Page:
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By Ian Pelletier
October 13, 2015
Caption : The Center for American Progress held an event Tuesday, October 6 to address the issue of voter suppression and changing voter laws, focusing specifically on the DMV closures in Alabama and its relationship to the Voting Rights Act.     

The Voting Rights Act of 1965, the watershed moment for the civil rights movement, was passed in order to limit the suppression of voters.  Section five of the Voting Rights Act says that any change with respect to voting in a covered jurisdiction cannot be legally enforced until reviewed and approved by either the Department of Justice or the District Court for the District of Columbia, a concept known as preclearance.  In 2013, the Supreme Court struck down this section of the Voting Rights Act in Shelby County v. Holder. As such, states with documented histories of voter discrimination are no longer required to request approval for voting procedure changes.  The Center for American Progress held an event Tuesday, October 6 to address the issue of voter suppression and changing voter laws, focusing specifically on the DMV closures in Alabama and its relationship to the Voting Rights Act.

In 2011, Alabama passed a voter identification law requiring citizens to hold a state-issued ID if they wanted to vote. Now, four years after enacting the voter ID law, the state is making it significantly harder for citizens to obtain the required ID by closing down many DMV offices—the only place residents can get a state-issued ID. “Because there is no discrimination check,” said Senior Policy Analyst for Open Society Foundations Julie Fernandes, “this is allowed to go into effect to impact voters.” Ari Berman, author of “Give Us The Ballot: The Modern Struggle for Voting Rights in America”and political correspondent for The Nation, highlighted the numerous changes to voting rights laws in 2011. Referring to the cutting of early voting, shutting down of registration drives, and the new voter ID law, he said: “We had never seen one state do all of these things at once so soon after a ruling.”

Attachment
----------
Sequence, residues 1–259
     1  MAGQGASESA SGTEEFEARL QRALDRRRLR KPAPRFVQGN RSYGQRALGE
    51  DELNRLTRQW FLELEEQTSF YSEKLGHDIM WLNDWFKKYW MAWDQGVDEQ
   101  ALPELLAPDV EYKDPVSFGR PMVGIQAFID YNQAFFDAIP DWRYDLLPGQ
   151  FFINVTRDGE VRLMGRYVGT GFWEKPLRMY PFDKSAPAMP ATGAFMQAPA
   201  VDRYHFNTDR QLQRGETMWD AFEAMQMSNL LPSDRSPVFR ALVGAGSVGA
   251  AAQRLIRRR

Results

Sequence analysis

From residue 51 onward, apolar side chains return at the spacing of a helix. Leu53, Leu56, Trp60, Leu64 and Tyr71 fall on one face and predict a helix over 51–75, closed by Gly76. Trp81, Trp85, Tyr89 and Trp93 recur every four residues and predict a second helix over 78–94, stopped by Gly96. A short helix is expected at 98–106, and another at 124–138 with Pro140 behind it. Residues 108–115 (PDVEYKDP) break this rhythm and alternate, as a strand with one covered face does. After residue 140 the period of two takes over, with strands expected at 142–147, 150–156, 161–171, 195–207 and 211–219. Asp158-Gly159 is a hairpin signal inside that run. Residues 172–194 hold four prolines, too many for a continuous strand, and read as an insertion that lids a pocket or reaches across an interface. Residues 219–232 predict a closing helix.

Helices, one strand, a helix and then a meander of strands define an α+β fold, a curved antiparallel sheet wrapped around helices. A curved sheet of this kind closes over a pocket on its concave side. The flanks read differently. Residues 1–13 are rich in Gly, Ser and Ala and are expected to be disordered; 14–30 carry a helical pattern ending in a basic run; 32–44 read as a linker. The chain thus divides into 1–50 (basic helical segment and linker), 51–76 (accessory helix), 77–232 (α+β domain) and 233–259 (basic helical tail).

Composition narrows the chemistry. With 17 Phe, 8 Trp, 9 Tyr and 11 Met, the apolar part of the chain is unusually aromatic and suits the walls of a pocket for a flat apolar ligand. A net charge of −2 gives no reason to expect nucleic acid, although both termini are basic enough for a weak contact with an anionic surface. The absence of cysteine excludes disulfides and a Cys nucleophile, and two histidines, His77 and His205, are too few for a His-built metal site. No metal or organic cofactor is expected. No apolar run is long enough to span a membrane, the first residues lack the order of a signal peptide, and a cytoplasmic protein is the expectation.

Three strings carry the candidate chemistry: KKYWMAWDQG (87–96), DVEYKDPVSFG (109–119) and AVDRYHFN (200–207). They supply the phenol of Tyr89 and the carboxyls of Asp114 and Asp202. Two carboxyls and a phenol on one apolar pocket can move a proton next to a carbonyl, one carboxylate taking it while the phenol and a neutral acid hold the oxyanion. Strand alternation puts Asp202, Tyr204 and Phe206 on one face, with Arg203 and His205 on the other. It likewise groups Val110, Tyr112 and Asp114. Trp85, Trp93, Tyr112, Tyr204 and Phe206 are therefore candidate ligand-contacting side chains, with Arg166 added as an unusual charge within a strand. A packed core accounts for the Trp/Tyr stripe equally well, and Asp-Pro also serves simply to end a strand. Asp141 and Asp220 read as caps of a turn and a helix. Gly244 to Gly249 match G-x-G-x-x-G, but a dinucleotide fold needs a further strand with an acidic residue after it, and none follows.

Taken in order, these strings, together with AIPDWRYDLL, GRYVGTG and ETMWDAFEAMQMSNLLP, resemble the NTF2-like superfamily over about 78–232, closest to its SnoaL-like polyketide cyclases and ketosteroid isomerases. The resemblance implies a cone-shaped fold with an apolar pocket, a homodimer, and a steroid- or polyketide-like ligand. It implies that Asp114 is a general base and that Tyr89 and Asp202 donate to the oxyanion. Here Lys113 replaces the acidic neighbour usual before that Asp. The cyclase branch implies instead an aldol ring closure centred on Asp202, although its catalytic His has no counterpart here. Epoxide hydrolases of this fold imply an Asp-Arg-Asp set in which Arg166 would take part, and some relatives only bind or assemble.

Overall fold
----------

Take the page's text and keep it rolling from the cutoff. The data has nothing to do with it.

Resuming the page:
The voters affected are from low-income, rural, and largely black communities.  Eight of every 10 counties that will experience DMV closures “have the largest African American, registered voting population,” said Representative Terri Sewell (D-Ala.).  “There is no denying that the…impact of this decision has a disproportionate effect on African Americans, on low-income and…rural communities.”

Circumstances such as the ones presented in Alabama have led to House Democrats proposing new legislation, called the Voting Rights Advancement Act of 2015, or VRAA.  This legislation would require any state that has more than 14 voting rights violations over the past 25 years to submit any changes to their voting laws to the Department of Justice or District Court for the District of Columbia. The law also gives states the ability to redeem themselves by avoiding further violations for 10 years.  If passed, this would initially impact 13 states, and “not just deep South states” according to Representative Sewell.

Berman, agreeing with the need for the VRAA, said that voter suppression “is not a theoretical thing,” but a documented phenomenon affecting real people in tangible ways.

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